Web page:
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Weather Alert(2)!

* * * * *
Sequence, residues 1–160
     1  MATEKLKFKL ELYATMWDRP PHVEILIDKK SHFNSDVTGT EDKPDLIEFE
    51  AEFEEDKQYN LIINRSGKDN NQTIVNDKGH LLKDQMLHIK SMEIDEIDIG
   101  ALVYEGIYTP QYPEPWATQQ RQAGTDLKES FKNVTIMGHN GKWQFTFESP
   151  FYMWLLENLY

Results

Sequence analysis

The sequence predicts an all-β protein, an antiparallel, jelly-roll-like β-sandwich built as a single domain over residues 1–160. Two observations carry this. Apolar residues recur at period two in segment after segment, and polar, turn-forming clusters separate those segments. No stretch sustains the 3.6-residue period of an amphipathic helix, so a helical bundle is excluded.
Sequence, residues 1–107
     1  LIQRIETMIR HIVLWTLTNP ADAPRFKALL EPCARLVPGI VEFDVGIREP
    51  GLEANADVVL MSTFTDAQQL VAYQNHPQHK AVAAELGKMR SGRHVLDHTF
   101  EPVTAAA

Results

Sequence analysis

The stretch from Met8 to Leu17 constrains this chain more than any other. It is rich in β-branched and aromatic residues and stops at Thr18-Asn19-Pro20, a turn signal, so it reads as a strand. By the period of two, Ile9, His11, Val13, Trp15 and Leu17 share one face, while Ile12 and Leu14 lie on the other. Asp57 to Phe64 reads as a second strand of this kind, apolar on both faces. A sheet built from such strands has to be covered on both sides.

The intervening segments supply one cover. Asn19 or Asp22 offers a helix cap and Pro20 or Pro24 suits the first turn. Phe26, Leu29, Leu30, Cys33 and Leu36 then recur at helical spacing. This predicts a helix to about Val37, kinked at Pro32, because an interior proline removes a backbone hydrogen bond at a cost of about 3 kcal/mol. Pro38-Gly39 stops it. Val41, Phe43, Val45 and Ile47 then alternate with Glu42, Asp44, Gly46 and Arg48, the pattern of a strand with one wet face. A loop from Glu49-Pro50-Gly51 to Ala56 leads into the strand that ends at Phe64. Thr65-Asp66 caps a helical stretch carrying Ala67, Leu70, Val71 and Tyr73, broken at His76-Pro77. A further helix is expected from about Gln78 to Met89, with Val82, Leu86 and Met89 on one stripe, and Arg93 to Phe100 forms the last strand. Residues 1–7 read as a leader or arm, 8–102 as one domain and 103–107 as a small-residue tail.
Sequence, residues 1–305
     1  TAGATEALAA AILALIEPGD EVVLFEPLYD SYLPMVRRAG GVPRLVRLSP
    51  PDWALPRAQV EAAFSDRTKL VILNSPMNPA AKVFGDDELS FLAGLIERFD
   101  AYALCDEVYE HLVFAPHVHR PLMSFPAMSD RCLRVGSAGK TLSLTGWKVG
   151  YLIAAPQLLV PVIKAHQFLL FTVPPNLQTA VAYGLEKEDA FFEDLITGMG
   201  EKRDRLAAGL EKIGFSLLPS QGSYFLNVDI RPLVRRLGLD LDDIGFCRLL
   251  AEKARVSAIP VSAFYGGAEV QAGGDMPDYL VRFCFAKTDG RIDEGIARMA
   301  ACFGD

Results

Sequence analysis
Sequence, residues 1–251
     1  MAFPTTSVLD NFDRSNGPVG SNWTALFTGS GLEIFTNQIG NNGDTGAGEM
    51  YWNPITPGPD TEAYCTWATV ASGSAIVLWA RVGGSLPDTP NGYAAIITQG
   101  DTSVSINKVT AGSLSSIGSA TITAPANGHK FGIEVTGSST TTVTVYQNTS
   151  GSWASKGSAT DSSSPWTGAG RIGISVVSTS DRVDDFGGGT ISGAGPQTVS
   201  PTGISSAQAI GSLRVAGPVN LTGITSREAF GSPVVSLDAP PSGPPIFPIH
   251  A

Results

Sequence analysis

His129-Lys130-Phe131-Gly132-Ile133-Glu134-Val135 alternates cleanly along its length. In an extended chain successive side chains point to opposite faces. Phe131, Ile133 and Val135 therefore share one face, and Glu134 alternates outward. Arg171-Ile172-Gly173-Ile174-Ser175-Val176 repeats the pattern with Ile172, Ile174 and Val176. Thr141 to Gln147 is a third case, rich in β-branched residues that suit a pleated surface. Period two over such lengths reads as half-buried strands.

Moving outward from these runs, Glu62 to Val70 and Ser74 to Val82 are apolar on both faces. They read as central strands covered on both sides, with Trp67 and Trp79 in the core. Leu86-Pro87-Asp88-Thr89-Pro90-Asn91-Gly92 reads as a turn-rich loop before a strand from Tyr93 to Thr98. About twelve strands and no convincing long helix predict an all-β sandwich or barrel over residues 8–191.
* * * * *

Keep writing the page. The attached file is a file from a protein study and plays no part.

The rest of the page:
"Blizzard Warning" ...Blizzard Warning in effect from 1 PM Monday to midnight EST Tuesday night... The National Weather Service in New York has issued a Blizzard Warning...which is in effect from 1 PM Monday to midnight EST Tuesday night. The blizzard watch is no longer in effect. * Locations...New York City and surrounding immediate suburbs...Long Island...and most of southern Connecticut. * Hazard types...heavy snow and blowing snow...with blizzard conditions. * Accumulations...snow accumulation of 20 to 30 inches...with locally higher amounts possible. Snowfall rates of 2 to 4 inches per hour expected late Monday night into Tuesday morning. * Winds...north 30 to 40 mph with gusts 55 to 65 mph...strongest across eastern Long Island. * Visibilities...one quarter mile or less at times. * Temperatures...in the lower 20s. * Timing...light snow will begin Monday morning...with accumulations of 1 to 3 inches possible by the evening rush. Snow will pick up in intensity Monday evening...with the heaviest snow and strongest winds from about midnight Monday night into Tuesday afternoon. * Impacts...life-threatening conditions and extremely dangerous travel due to heavy snowfall and strong winds...with whiteout conditions. Secondary and tertiary roads may become impassable. Strong winds may down power lines and tree limbs. Precautionary/preparedness actions... A Blizzard Warning means severe winter weather conditions are expected or occurring. Falling and blowing snow with strong winds and poor visibilities will lead to whiteout conditions...making travel extremely dangerous. Do not travel. If you must travel...have a winter survival kit with you. If you get stranded...stay with your vehicle. All unnecessary travel is discouraged beginning Monday afternoon...to allow people already on the Road to safely reach their destinations before the heavy snow begins...and to allow snow removal equipment to begin to clear roads. , "Coastal Flood Watch" ...Coastal Flood Watch in effect from late Monday night through Tuesday morning... The National Weather Service in New York has issued a coastal Flood Watch...which is in effect from late Monday night through Tuesday morning. * Locations...low lying coastal areas along western Long Island Sound. * Tidal departures...most likely 3 to 4 ft of surge above astronomical tide. A low probability of 4 to 4 1/2 ft surge above astronomical tide. * Timing...during the times of high tide between 3 am and 6 am late Monday night into early Tuesday morning. * Beach erosion impacts...2 to 4 waves and high storm tide will cause beach erosion along north facing shorelines open to Long Island Sound. A few exposed water front structures may be damaged. * Coastal flooding impacts...potential for flooding of vulnerable shore roads and/or basements due to height of storm tide and/or wave action. Several shore Road closures may be needed. Precautionary/preparedness actions... A coastal Flood Watch means that conditions favorable for flooding are expected to develop. Coastal residents should be alert for later statements or warnings...and take action to protect property. ...Most likely western l.I. Sound water levels for Monday night/early Tuesday morning high tide... Coastal............time of......forecast total.....Flood..... Location...........high Tide.....Water level.......category.. ....................................(mllw)................... Kings Point NY......455 am........11.1-11.7.......moderate... Glen Cove NY........445 am........11.5-12.1.......moderate... Stamford CT.........436 am........11.1-11.7.......moderate... Bridgeport CT.......433 am........10.6-11.0.......moderate... New Haven CT........432 am.........9.5-10.1.......moderate... -- Sunday Jan.25 15,07:12 PM Weather  |  LIRR  |  Traffic  |  Traffic Cams |  Weather News